How can we make these offers of freedom to people not born here when we can’t even protect the freedoms of American women, children, and Americans of Color?
Every time one American says to another that they should “love it or leave it” they reinforce the impossible choice to be in a place that is made unsafe by the speaker. Every time one American tells another American “go back where you came from,” they tear another hole in our democracy, and the principles that our nation was built on.
We, Americans, must end this division and bigotry. We are all part of this one experiment. This nation belongs to all of us. We all belong here, and we owe it to our ancestors to make sure ALL Americans are welcome in their own home. The Preamble of The Constitution states: We the People of the United States, in Order to form a more perfect Union, establish Justice, insure domestic Tranquility, provide for the common defence, promote the general Welfare, and secure the Blessings of Liberty to ourselves and our Posterity, do ordain and establish this Constitution for the United States of America.
In the past, this country drove some its best and brightest citizens away by making this a nation that did not welcome all people. Champions like Muhammad Ali, artists like Maya Angelou and Josephine Baker, writers like James Baldwin felt like they had no choice but to leave the borders of their own country, their homeland, in order to feel a sense of peace, safety, community, and acceptance. Would you allow the flames of racism to drive away our champions now? The NBA has stood up, but will you? Will American people diminish our greatest and most talented citizens like Michael Jordan whose very name means to be the absolute, equivocal best in whatever field? Do we stand with him and Oprah? Will we forcefully stand with the families of murdered Black children? Or deny their humanity and the basic human right to be safe in their own home? Do we allow the erosion of the promise of the American Dream, or do we agree to stand with each other, in our homeland — out of many, one?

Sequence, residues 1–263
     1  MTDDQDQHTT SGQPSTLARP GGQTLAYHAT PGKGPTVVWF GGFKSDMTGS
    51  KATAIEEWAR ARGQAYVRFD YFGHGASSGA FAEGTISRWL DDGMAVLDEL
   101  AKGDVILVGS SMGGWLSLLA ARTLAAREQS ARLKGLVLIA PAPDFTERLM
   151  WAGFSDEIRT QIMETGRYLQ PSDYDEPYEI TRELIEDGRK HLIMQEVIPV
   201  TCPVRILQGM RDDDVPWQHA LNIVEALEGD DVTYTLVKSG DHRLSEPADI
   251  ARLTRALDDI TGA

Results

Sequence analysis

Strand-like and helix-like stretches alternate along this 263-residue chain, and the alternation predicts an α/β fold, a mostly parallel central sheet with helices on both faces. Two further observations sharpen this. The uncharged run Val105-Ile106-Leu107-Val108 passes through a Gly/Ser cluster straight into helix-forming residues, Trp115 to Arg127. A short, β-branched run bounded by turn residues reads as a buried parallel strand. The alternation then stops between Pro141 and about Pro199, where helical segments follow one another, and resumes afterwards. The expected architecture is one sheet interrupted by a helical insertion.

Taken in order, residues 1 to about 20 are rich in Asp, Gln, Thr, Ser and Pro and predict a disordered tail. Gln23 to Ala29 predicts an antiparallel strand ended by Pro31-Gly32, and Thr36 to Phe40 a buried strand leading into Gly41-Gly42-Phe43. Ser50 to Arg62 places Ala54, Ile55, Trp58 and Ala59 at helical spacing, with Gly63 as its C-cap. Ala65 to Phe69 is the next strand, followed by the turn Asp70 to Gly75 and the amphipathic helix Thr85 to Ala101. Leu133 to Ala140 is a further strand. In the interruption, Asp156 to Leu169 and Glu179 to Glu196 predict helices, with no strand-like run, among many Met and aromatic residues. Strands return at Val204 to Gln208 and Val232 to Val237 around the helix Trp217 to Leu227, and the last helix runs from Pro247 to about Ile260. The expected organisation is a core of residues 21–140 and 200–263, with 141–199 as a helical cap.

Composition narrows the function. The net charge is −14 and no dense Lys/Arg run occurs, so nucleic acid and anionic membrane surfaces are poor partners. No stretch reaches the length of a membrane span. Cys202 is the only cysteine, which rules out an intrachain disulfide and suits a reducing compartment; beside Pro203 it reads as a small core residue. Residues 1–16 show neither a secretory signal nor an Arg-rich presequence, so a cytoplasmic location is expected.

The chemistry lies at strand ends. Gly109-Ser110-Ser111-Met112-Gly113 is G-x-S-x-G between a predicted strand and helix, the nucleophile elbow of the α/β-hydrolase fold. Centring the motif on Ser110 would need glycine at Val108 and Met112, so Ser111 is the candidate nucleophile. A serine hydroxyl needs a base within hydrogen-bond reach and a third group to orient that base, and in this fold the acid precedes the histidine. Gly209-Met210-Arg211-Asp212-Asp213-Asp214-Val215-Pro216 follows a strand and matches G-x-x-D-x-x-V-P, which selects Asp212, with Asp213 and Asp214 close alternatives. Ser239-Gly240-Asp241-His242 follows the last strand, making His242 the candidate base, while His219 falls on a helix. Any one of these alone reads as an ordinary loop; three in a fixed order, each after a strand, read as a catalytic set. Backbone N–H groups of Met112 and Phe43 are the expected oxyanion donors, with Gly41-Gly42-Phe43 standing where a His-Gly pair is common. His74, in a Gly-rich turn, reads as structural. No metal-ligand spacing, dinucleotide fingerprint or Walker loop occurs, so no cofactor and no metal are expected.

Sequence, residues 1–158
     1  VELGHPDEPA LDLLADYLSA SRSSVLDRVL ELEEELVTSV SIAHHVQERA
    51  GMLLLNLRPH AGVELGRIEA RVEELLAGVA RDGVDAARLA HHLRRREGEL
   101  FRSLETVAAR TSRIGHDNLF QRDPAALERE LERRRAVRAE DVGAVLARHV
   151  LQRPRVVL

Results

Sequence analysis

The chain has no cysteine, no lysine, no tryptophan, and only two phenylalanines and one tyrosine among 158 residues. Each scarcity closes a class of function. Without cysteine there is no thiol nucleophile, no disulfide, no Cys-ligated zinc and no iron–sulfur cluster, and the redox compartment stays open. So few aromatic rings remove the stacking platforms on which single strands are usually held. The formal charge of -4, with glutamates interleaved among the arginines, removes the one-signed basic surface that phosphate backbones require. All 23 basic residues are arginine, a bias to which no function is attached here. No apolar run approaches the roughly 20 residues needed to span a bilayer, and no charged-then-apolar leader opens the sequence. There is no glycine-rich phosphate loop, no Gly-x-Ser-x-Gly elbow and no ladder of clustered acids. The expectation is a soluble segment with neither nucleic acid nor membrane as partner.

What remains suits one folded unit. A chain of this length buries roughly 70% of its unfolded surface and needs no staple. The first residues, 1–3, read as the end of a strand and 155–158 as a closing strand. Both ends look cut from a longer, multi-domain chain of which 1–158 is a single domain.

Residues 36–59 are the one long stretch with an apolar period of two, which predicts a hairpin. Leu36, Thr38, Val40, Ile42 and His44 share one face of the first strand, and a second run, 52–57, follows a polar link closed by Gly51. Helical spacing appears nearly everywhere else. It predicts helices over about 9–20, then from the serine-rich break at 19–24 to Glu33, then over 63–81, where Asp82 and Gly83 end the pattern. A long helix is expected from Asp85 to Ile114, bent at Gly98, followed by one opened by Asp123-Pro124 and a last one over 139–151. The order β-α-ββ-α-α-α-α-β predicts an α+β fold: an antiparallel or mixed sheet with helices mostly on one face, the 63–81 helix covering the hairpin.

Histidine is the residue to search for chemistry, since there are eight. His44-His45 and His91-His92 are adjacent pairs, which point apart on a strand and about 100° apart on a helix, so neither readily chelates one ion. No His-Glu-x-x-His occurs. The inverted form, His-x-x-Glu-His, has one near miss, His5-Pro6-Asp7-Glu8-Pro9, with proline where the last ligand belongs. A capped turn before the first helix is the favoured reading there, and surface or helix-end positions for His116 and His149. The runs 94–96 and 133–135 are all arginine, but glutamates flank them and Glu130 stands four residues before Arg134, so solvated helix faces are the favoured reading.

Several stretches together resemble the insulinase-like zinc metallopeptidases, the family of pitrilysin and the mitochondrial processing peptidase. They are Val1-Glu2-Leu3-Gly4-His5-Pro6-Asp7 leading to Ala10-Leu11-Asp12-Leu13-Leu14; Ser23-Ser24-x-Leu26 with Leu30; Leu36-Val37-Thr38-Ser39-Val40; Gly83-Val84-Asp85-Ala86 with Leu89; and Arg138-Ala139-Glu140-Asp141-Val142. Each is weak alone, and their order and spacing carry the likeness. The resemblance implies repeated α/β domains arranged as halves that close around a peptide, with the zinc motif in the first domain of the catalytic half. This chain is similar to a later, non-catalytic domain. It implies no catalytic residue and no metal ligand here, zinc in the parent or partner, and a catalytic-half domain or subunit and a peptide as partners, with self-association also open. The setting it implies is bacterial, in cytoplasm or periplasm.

Now is the time to rise to the occasion and keep the promises of our ancestors whose desire to create a world free from fear and tyranny pushed them to create a new nation.
We must choose each other. We must work together to keep our democracy, protect freedom for all people, and make reparations to those who our government has failed.
There cannot be a single American who calls themselves loyal to this country who tries to intimidate or diminish the humanity of other Americans.
None of us can afford to tolerate the dehumanization or diminishing of any of any of our fellow citizens. We must, at this particular moment, find our fortitude and stand up for what is right, and what is necessary. We must facilitate the Great Experiment, our United States, to continue onward into a future where everyone born and raised here knows without any doubt that they belong here. That they are safe here. That they are welcome, wanted, and necessary for our country to renew its vow to always be for freedom, and justice for all.